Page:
Thursday, 30 June 2016

Forces War Records - WW1 Troop Movements

From Forces War Records (

WW1 Troop Movements
To commemorate all those who served at the Somme

* New ‘moving' interactive and informative map from Forces War Records
* Audio-visual function – see battle manoeuvres as they happened - step-by step, listen to what happened in each location

* Live now – go to

* Watch the DEMO

* A NEW genealogy tool - people researching their family will be able to find out so much more information about their ancestor’s unit manoeuvres during battle, see where they moved to and listen to what happened at each location.

* Informative historical resource - for associations, education organisations and historians.

* FREE access from 30th June to 3rd July, details:

WW1 Troop Movements - using Order of Battle of Divisions (ORBATS); a new interactive feature on the Forces War Records website.

Giving more details of army ancestors who served in the Great War of 1914-18, movements of his battalion, where he embarked, which battles he would have fought in, and in which locations and on what battlefronts he may have served. Specialist military genealogy website Forces War Records created this new function.

The ORBATS data, transcribed by Forces War Records, was used to produce this ‘moving’ audio-visual interactive map, which tracks step-by-step the progress of units throughout the course of the war, from the opening battle at Mons to the closing stages of the Spring Offensive and the Armistice. Pinpoint exactly where a unit was on a given date and trace the battles, actions and events it took part in, whilst listening to an account of the action that took place at each location.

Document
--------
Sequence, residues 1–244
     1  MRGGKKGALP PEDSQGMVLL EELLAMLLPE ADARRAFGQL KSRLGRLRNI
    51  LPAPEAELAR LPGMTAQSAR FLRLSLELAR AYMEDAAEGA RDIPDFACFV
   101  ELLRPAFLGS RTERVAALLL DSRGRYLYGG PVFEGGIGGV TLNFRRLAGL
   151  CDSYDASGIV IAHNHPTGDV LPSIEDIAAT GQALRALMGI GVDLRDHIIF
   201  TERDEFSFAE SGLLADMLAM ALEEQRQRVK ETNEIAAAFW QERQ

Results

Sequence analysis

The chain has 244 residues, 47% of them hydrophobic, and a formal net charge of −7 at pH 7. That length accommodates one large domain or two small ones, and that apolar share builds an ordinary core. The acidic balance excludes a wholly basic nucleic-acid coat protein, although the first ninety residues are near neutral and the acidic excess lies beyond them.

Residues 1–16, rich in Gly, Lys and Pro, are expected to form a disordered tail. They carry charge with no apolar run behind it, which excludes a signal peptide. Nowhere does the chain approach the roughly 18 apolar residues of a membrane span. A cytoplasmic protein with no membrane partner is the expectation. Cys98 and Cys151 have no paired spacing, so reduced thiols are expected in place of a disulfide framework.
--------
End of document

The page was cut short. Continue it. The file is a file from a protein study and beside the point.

The specialist data team has been working for 2 years to transcribe the official ORBATS, published by His Majesty’s Stationery Office, as well as numerous official histories of the Great War, to help create this in-depth record of military operations and engagements by the British Army.

What are ORBATS?

These are documents produced by the military that outline the hierarchical structure, command organisation and disposition of units for particular engagements undertaken by the Commonwealth and British Armed Forces. At the highest level they present a breakdown of the units involved in wider conflicts, the First World War in this case, including the names of divisional and brigade commanding officers and details of the organisation of the divisions, right down to battalion level, along with their attached units, for example from the Royal Artillery.


For details on my genealogy guide books, including A Decade of Irish Centenaries: Researching Ireland 1912-1923Discover Scottish Church Records (2nd edition), Discover Irish Land Records and Down and Out in Scotland: Researching Ancestral Crisis, please visit

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